San Fernando, Pampanga was founded in 1754, carved out of neighboring towns Mexico and Bacolor during the reign of King Fernando III of Castile and Leon. Since then, the city has been both a witness and setting for many of the region’s significant historical events.
In a recent trip to the city sponsored by its tourism office, I was able to get a peek into San Fernando’s past together with fellow bloggers through – of all things – a calesa ride!
There’s something about the feeling the balmy morning hangin amihan on my skin and hearing the clip-clop of hooves against the pavement as we circled around San Fernando’s Heritage District in an old-timey horse-drawn carriage. The calesa drivers are friendly and have been trained by the city’s tourism office to serve as tour guides.
Our tour started at the Heroes Hall, which showcases the statues of eight local and national heroes, including those of Ninoy Aquino, Dr. Jose Rizal, Don Tiburcio Hilario, Chief Justice Jose Abad Santos and of Nicolasa Dayrit-Panlilio who, in March 1899, led a group of Kapampangan women to prevent a violent altercation between Generals Antonio Luna and Tomas Mascardo. (Yey for girl power!)
The hall, which used to be the municipal office, now functions as a government office and conference hall.
The park in front of the hall is decorated with life-size lanterns depicting people celebrating a Kapampangan holiday. The pieces were provided by the award-winning RolRen’s Lanterns which also supplies the parols used during the Metro Manila Filmfest and in the Philippine International Convention Center (PICC).
In the Heritage District, we passed by the houses of some of Pampanga’s notable historical denizens such as the Lazatin Residence, the Tabacalera House, the Hizon-Singian House and more. I would have loved to spend more time gossiping about the descendants of the historical figures who lived there but, alas, our time was limited.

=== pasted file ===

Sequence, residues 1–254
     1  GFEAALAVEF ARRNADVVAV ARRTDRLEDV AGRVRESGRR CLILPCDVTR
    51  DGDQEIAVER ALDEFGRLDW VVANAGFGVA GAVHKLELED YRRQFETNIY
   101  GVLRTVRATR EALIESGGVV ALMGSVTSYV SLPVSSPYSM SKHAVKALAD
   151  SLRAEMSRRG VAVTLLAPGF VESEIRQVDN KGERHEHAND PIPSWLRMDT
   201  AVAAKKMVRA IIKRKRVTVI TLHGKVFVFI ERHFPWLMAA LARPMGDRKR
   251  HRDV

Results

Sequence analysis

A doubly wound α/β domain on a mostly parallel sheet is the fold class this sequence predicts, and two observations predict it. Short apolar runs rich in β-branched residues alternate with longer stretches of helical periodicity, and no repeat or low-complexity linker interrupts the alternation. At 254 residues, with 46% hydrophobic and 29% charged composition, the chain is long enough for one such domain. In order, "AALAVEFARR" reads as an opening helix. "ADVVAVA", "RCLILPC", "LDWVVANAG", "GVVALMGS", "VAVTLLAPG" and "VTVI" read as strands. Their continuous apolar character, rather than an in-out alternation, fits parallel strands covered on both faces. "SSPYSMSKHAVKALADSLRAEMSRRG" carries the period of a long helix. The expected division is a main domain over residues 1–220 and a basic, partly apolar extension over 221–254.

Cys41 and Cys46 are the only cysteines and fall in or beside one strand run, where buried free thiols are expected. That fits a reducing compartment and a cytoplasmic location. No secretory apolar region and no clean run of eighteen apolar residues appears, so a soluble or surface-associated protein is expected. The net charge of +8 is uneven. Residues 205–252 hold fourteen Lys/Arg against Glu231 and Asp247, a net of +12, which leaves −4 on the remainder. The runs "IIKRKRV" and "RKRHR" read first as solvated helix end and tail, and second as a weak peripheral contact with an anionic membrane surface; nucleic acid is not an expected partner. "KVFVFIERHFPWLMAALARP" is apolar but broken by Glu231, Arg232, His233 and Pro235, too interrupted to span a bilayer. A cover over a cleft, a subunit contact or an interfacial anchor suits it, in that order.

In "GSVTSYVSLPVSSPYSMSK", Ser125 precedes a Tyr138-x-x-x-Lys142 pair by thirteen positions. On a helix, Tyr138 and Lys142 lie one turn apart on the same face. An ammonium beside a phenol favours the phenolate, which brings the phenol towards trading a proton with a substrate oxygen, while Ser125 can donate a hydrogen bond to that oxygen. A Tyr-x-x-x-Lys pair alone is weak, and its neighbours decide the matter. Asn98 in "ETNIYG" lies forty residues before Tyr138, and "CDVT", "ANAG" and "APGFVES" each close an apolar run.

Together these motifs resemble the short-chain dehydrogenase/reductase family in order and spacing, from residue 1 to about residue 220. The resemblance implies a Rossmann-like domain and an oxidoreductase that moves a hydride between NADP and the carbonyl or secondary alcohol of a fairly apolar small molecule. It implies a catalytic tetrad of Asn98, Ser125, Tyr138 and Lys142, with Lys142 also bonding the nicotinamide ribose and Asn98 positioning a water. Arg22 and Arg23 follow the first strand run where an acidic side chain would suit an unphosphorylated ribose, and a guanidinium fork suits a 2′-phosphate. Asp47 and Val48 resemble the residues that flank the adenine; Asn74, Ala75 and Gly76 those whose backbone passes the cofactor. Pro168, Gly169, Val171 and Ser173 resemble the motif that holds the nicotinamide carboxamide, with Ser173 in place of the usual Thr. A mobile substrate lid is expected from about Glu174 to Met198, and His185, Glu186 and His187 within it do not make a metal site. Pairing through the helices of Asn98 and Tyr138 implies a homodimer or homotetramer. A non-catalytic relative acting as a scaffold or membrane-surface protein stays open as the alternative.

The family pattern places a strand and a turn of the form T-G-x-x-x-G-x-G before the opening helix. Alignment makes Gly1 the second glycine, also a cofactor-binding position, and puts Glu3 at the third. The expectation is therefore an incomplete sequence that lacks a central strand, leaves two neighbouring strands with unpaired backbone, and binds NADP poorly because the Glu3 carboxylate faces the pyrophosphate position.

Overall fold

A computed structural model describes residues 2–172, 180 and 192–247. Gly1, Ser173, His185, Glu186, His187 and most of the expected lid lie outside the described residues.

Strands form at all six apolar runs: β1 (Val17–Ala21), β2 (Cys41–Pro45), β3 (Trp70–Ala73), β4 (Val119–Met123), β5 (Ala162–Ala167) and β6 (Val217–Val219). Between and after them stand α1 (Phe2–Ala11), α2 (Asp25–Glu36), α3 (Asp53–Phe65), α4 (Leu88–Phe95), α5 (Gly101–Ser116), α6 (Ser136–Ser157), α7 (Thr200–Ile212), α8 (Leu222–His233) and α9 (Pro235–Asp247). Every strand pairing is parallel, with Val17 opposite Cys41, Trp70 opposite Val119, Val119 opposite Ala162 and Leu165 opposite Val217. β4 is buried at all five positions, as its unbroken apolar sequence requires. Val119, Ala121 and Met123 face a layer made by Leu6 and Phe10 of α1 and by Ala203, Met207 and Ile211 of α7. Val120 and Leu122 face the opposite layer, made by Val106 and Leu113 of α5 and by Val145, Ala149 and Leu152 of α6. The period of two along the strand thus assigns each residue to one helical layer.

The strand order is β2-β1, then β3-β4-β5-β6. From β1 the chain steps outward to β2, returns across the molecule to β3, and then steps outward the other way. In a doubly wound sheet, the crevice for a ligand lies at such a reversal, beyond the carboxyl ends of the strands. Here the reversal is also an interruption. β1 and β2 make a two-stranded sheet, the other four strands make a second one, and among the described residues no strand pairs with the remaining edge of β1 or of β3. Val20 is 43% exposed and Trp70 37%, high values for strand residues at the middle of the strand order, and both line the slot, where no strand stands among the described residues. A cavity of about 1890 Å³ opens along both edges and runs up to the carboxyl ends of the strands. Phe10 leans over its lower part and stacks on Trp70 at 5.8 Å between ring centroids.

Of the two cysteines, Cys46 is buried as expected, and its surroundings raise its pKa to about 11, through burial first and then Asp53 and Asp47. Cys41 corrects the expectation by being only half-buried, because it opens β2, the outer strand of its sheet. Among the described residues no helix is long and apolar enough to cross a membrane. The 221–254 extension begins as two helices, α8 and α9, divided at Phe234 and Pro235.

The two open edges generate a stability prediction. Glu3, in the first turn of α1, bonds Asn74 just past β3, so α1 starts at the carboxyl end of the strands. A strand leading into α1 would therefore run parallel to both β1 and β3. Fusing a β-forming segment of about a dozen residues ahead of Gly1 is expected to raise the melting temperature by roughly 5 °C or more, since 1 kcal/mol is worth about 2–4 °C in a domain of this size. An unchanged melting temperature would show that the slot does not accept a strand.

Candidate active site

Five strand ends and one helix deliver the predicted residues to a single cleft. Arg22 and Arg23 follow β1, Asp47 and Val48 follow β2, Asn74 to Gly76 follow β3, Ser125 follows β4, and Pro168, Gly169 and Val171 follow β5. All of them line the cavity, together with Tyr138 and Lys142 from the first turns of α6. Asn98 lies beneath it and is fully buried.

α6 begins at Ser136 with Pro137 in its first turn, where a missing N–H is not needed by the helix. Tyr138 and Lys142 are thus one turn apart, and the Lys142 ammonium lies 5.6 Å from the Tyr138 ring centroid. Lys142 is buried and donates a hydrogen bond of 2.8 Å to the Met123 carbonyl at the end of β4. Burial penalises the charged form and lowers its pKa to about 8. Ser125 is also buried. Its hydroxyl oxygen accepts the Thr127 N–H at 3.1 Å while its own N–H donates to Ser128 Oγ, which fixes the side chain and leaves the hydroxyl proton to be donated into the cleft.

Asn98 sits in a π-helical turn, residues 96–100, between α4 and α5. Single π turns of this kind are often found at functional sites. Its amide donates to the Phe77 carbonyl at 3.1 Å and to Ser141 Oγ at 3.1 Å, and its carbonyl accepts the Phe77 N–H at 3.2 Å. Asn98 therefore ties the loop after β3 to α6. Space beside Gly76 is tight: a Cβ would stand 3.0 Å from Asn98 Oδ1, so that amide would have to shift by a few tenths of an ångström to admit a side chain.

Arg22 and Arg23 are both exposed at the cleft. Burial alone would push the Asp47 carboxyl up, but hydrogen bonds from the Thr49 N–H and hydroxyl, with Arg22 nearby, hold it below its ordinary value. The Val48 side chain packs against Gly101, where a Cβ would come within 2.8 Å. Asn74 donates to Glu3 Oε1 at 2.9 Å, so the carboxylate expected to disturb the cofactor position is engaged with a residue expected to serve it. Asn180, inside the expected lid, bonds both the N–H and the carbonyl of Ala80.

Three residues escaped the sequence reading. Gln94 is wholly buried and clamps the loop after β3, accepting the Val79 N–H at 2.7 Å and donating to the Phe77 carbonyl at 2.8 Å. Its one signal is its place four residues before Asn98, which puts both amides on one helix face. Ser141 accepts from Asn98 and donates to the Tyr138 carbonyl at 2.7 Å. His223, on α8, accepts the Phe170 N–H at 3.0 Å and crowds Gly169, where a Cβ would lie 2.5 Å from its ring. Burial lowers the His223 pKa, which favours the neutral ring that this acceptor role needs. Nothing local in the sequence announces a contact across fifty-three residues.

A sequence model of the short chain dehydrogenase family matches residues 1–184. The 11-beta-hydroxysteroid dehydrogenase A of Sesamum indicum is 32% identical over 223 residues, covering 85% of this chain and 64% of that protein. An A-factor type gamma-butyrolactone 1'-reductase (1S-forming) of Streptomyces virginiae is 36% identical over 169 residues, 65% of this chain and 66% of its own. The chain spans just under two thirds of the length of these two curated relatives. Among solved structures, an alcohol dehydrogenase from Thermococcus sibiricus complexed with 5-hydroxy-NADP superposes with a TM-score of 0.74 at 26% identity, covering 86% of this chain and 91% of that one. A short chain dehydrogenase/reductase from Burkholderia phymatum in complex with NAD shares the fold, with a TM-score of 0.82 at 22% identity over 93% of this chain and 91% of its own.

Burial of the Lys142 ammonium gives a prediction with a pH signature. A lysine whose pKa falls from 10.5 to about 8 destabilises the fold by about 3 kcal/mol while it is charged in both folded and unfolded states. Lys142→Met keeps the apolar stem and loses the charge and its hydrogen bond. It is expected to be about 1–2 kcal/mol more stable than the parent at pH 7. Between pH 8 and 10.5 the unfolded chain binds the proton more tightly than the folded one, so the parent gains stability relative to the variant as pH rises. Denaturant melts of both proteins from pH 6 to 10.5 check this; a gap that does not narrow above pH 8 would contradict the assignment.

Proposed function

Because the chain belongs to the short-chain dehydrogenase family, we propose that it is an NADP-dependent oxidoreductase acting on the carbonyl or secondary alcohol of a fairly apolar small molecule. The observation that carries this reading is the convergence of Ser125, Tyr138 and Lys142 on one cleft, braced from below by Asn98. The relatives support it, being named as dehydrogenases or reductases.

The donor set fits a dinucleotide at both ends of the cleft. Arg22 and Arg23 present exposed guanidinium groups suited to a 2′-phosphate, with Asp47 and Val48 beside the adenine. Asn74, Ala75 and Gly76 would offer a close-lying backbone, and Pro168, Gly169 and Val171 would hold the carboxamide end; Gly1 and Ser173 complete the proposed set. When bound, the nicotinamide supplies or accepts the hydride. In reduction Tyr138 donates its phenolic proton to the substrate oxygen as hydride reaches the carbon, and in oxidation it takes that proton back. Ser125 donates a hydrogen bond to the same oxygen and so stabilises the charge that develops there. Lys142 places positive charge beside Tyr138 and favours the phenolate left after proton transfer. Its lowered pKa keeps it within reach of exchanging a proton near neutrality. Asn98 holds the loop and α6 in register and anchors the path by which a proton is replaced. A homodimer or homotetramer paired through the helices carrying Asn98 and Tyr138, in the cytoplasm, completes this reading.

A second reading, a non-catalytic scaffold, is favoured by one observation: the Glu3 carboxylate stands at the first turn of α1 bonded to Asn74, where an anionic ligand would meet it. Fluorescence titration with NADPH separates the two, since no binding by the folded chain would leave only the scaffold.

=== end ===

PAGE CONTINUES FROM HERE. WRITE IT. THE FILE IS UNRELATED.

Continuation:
We also passed by the San Fernando Metropolitan Cathedral, a stone church founded by the Augustinians in the late 18th century. It was burned, along with its convent, by the Philippine Revolutionary Army on the order of General Antonio Luna in 1899 buy was restored by Kapampangan architect Fernando Hizon Ocampo in 1948.
Other historically notable structures we passed by include the City Hall Building built in 1917, the Pampanga Capitol Building which is currently the seat of the provincial government and the Presidio or the Pampanga Provincial Jail which was originally designed in 1907 as the Court of First Instance.
The final stop of our calesa tour is the ruins of the San Fernando Train Station. Opened in 1892 as part of the Bagbag-Mabalacat stretch of the Manila-Dagupan Railway System, it marked the start of the region’s economic growth due to massive growth in the Pampanga’s sugar industry.
In mid-1892, national hero Dr. Jose Rizal made a stopover in San Fernando to recruit members for the La Liga Filipina. Ironically, the train station was designed by Engineer Charles Henry Kipping who ended up marrying Jose Rizal’s childhood love, Leonor Rivera. His visit is commemorated by a statue of the national hero seated on a bench seemingly awaiting his friends or the Kapampangan woman he was rumored to be courting at the time, Rosario Joven.
In 1941, the Japanese Army bombed an ammunition train said to be parked in front of the station, causing significant fire damage to some portions of the building, which are still evident from the black stains on the structure’s walls.
In 1942, train station served as the last stop of the Bataan Death March, wherein thousands of tired, hungry and ill Filipino and American POWs, after walking 102 kilometers from Bataan, were stuffed like sardines into box carts and transported to Capas, Tarlac. The horrendous event is commemorated by a diorama of life-size statues depicting soldiers consoling fellow prisoners and gearing up for more hardships that they are to face.
The calesa tour is a memorable way to take a step into the past, revisit some of the events and areas of interest in the city’s history and appreciate how far we’ve come since then.
For inquiries on the calesa tour, call the San Fernando City Tourism Office at +63 045 9615684 or email firstname.lastname@example.org.